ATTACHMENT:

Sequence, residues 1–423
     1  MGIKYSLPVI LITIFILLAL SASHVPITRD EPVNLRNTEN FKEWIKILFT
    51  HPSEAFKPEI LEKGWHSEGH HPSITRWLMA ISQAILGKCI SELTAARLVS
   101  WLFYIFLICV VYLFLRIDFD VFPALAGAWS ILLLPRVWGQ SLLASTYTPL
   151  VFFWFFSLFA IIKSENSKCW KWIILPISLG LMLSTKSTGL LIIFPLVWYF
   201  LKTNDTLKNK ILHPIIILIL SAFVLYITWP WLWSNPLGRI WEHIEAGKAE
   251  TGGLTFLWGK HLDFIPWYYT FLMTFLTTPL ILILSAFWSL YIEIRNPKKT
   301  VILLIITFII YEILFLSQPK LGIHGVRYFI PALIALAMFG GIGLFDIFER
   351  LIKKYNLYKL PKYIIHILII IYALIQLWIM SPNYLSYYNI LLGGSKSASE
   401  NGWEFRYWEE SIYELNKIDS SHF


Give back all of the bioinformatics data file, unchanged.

Sequence, residues 1–423
     1  MGIKYSLPVI LITIFILLAL SASHVPITRD EPVNLRNTEN FKEWIKILFT
    51  HPSEAFKPEI LEKGWHSEGH HPSITRWLMA ISQAILGKCI SELTAARLVS
   101  WLFYIFLICV VYLFLRIDFD VFPALAGAWS ILLLPRVWGQ SLLASTYTPL
   151  VFFWFFSLFA IIKSENSKCW KWIILPISLG LMLSTKSTGL LIIFPLVWYF
   201  LKTNDTLKNK ILHPIIILIL SAFVLYITWP WLWSNPLGRI WEHIEAGKAE
   251  TGGLTFLWGK HLDFIPWYYT FLMTFLTTPL ILILSAFWSL YIEIRNPKKT
   301  VILLIITFII YEILFLSQPK LGIHGVRYFI PALIALAMFG GIGLFDIFER
   351  LIKKYNLYKL PKYIIHILII IYALIQLWIM SPNYLSYYNI LLGGSKSASE
   401  NGWEFRYWEE SIYELNKIDS SHF